WASHINGTON (AP) — Eyes glistening, President Barack Obama bid an affectionate farewell Friday to Attorney General Eric Holder. It was a sequel to an emotional going-away at the White House last year, but this tribute came with a soulful surprise.
"Eric is really just milking this departure thing for everything that it's worth," Obama said at a Justice Department ceremony to unveil the outgoing Cabinet member's official portrait. "I mean, golly."
But even Obama got upstaged this time.
After the president and the attorney general had concluded their remarks, Aretha Franklin, the "Queen of Soul," made an unannounced appearance in the Justice Department hall. Holder, stunned, genuflected. And Franklin stepped behind the lectern to sing "America the Beautiful" with an homage to Holder.
In his own remarks, Obama noted Holder's tenure as the third-longest serving attorney general. Holder also is the first black man to hold the job.
"I know it felt even longer and I'll just come out and say it. He's been one of our finest," Obama said.
Obama said Holder had led the department with integrity and helped make the U.S. "free and more just." He praised Holder as a "great friend" and a "great public servant" and brushed away tears at the conclusion of his brief remarks.
Holder is staying on the job until the Senate confirms his successor, which is expected soon. The Senate Judiciary Committee on Thursday approved Obama's choice of U.S. Attorney Loretta Lynch to succeed Holder. She would be the first black woman to be the nation's top law enforcement officer.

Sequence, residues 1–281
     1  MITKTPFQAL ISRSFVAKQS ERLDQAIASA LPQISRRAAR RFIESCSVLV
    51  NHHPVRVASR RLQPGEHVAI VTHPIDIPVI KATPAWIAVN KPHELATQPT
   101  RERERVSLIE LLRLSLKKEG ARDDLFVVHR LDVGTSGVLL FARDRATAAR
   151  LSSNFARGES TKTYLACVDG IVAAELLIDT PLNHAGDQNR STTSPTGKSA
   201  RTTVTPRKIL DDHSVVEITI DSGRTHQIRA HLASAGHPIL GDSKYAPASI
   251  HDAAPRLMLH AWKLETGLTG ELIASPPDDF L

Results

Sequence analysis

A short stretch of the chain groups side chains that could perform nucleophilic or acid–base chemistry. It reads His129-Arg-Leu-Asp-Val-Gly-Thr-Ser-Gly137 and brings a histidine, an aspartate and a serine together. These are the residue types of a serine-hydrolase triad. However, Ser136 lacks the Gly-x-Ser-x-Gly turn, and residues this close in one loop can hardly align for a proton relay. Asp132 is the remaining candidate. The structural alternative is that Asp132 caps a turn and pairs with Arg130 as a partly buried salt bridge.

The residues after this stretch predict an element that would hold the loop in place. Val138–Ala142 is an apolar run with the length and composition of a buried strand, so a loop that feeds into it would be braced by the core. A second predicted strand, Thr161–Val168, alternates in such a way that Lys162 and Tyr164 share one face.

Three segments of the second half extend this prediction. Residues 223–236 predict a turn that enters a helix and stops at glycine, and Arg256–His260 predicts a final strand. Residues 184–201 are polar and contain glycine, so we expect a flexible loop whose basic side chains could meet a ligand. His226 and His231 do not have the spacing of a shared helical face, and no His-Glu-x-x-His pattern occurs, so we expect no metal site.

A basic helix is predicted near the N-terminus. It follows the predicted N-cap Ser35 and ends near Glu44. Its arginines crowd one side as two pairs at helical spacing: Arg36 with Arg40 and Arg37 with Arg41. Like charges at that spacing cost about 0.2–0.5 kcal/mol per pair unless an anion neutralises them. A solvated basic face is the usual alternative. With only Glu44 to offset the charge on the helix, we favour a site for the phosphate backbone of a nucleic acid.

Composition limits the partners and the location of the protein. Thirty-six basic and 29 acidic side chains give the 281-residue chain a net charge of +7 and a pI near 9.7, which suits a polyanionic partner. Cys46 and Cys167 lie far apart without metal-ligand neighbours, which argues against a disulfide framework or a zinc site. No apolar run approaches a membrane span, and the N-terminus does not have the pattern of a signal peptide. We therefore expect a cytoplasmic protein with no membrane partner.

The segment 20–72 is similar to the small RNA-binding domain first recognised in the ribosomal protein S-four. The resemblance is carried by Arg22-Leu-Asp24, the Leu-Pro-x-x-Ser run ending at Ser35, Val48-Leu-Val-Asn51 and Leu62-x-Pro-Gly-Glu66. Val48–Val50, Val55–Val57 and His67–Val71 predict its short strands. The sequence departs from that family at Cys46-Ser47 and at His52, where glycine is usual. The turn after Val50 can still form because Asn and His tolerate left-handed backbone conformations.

In a veiled reference to Rudolph Giuliani's assertion that Obama did not love his country, Holder declared "those who have loved this nation most have dared greatly and have sought to change the status quo for the better." He offered a litany of examples, from Abraham Lincoln and Jackie Robinson to Martin Luther King Jr. and Harvey Milk. Then he paused and added pointedly, "Barack Obama."
Holder offered special thanks to Sen. Patrick Leahy, the former Democratic Senate Judiciary Committee chairman. Leahy, of Vermont, defended Holder during Holder's clashes with Republican lawmakers who held him in contempt in the House over a document dispute arising from a gun-trafficking operation known as Fast and Furious.
"In tough times, both professional and personal, this is a man who has been there for me," Holder said at the top of his remarks.